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Friday, 3 November 2017

Picton Point -- old glacial deposits?



Pembrokeshire geology map with the addition of a speculative flowline for the Irish Sea ice which might have affected the region around Picton Point

Picton Point is the south-facing headland that separates the western Cleddau and the Eastern Cleddau, in the tidal inner reaches of the Milford Haven waterway.  It's a delightful spot, with wide vistas to west, south and east.  My wife and I went over there for a walk the other day, and I was struck -- not for the first time -- by the frequency of erratic boulders and cobbles scattered along the shoreline.  These have not been carried here by longshore drift or by the tides -- there is very little wave action here.  So the erratics have dropped out of pre-existing glacial and fluvioglacial deposits as the low cliffs are nibbled away.

The main processes here (as at Mill Bay, the famous place from which the Altar Stone was supposed to have come) are biological and mechanical.  Tree roots are exposed as the Coal Measures sandstones and shales are sapped or undercut; then the trees tip over more and more until they fall down onto the beach; when that happens, loose rock debris on the cliffline ( already broken up to some degree by vast and expanding root systems) is dislodged and comes crashing down too, resulting in coastal retreat by a few more feet.  And so the process continues.  On the land surface above the cliffline there are glacial and fluvioglacial deposits, and these are dropping down onto the foreshore bit by bit as the coast retreats. The process is slow, but inexorable, and is essentially one of sudden or catastrophic cliff collapses in different locations as one big tree after another comes down-- usually during an extreme storm event like Storm Ophelia or Storm Brian in recent weeks.  A huge oak tree came down close to Picton Ferry during one or the other of those storms.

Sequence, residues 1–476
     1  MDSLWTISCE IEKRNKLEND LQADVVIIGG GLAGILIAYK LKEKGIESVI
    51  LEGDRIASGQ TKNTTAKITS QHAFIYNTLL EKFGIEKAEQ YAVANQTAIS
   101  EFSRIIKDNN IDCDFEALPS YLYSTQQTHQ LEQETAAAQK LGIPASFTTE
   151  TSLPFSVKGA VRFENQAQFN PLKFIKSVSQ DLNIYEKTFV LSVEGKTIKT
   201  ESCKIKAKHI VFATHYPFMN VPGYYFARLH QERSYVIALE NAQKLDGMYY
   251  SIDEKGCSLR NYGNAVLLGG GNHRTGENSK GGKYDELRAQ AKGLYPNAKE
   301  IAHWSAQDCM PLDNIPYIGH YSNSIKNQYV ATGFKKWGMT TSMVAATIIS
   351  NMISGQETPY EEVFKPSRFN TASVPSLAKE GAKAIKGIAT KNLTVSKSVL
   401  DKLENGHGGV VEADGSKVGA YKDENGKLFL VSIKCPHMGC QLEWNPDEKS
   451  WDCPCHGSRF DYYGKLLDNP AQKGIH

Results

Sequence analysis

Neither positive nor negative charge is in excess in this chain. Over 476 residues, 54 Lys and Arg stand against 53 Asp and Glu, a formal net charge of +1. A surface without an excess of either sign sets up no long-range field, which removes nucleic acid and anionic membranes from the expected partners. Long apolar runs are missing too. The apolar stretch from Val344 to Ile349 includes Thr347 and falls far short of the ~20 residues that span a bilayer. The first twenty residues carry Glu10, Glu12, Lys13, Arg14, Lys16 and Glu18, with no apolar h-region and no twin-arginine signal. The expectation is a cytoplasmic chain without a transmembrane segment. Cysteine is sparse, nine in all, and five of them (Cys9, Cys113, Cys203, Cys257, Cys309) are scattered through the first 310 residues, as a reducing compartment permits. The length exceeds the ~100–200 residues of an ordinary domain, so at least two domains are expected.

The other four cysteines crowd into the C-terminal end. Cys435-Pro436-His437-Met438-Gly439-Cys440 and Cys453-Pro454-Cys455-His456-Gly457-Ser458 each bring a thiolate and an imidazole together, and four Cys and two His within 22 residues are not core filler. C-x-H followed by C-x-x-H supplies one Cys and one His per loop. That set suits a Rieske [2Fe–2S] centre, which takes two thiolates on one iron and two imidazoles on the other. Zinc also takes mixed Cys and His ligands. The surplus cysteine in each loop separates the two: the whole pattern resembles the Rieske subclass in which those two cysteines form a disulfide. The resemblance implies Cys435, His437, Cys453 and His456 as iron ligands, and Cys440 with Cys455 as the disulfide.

This tree will be down before too long, and when it falls a chunk of the 
cliff face will come with it.

(As it happens, similar processes have been at work at Craig Rhosyfelin, dislodging large blocks of rhyolite at irregular intervals and causing fallen and smashed-up rock debris to accumulate against the rock face.  There, however, the trees may have always been much smaller.)

Annotated image from the Geology of Britain Viewer (BGS).  Here we can see that glacial deposits are quite abundant in this area.


Erratics are scattered on the foreshore to the east of Picton Point, but they are far more numerous on the western side.  Most of them are less than 50 cms in diameter.  They are rather well rounded, and heavily stained.  This suggests two things to me -- one, that they have come from fluvioglacial sands and gravels rather than from till;  and two, that the deposits are old (Anglian or Wolstonian) rather than Devensian.

  
Two images from the foreshore to the west of Picton Point. Most of the rock fragments are quite angular, having come from recent rockfalls on the retreating cliffline; they are mostly Coal Measures sandstones.  But the rounded cobbles include rhyolite, dolerite, gabbro, volcanic ash, and Cambrian sandstones -- almost certainly from the St David's Peninsula

These are early days in my Picton Point investigations -- watch this space.....





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